Fifth-wheels look like a hybrid of Class A motorhomes and travel trailers in that they tend to be large and boxy like Class A’s, but pickup trucks tow them like many travel trailers. To have a fifth-wheel, you must have a pickup truck with a large tow capacity and a big enough bed to put in a special hitch designed for fifth-wheel towing. You can identify fifth-wheels by their larger size and living space extending over the pickup truck bed, usually a “second story” bedroom within the RV.
If you’re comfortable with towing big rigs, have a big truck, and want your RV to feel like a residential home, this option might be best for you. With their grand size, this category of RVs provides amenities like multiple full baths, a washing machine, and a fuller, residential-style kitchen with an island. In addition, they often have slideouts to expand their luxurious living spaces.
Because of their size and amenities, you are looking at one expensive rig. Fifth-wheels are often cottages people park at a specific location for an extended time. It’s a tiny home.
The most cost-effective of the bunch, pop-up trailers are expandable rigs with “soft walls” that expand up and out when parked and set up. They are the lightest of RVs, allowing a wide range of vehicles able to tow them. They are for the person or family that will be spending most of their time outside at a campground, don’t mind using campground bathrooms and facilities, and like tent-like sleeping quarters. Not quite as “glamorous” as other options, they still provide a great camping experience. Their lightweight nature and smaller size allow them to manage rough terrain and fit into tighter spaces. They are more fuel-efficient than other options and are the perfect fit for people looking to use them during the summer or in mild climates.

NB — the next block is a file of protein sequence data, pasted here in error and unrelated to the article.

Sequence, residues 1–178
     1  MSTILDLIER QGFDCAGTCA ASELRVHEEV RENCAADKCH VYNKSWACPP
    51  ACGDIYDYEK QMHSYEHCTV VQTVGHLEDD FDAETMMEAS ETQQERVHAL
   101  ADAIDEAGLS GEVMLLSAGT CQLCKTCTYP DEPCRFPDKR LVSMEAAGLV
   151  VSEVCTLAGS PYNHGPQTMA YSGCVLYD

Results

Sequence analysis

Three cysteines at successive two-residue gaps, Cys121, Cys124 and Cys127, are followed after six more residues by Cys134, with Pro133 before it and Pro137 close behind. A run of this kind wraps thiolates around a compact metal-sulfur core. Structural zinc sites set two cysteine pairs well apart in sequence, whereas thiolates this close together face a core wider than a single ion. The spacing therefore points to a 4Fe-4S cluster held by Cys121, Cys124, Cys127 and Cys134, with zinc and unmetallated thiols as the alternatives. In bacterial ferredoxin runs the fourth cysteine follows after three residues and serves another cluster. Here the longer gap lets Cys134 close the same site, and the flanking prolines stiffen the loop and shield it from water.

Truck campers can handle whatever you throw at it as it snugly fits on top of a pickup truck bed. This style is often chosen by those that like to dry-camp, move around often, and don’t mind the tight living quarters. They are less expensive than other options; however, you are not getting the amenities you might enjoy otherwise. Depending on the truck you have, you might have to do some coordinating in terms of size and fit, as well. They are, however, a shorter length than other options, making them easy to maneuver, and their lighter weight means fewer trips to the gas pump.
Toy haulers are fifth-wheel trailers or travel trailers with the ability to stow away a “toy,” like an ATV, motorcycle, golf cart, scooters, or other types of fun vehicles. This option is great for people who need space to tow adventure gear. To spot a toy hauler, look for hinges on the bumper that allow the back to open up.
What is RVing?
RVing is the practice of driving, camping, or living in an RV.
What’s the difference between campgrounds, RV campgrounds, RV parks, and RV resorts?
Many different types of campgrounds and parks fall under the umbrella label of “campground.” In the traditional sense, campgrounds can accommodate both tent and RV camping. Additionally, tent-only campgrounds are simply called campgrounds.
These campgrounds can be more of a rustic experience, meaning that they might not have hookups for your RV, electric, water, or sewage. The campsites may not be level and might not accommodate larger motorhomes. Their benefit is that they tend to be in more picturesque locations like in or near national and state forests and parks. Campsites might vary individually as the campground tends to be organized around the natural environment.
RV parks are constructed to accommodate all types of RVs. They usually provide full hookups (water, electric, and sewage) and the sites might have paved parking spaces for your rig. Overall, the park might have amenities like a bathhouse, laundry room, and pool but not all do.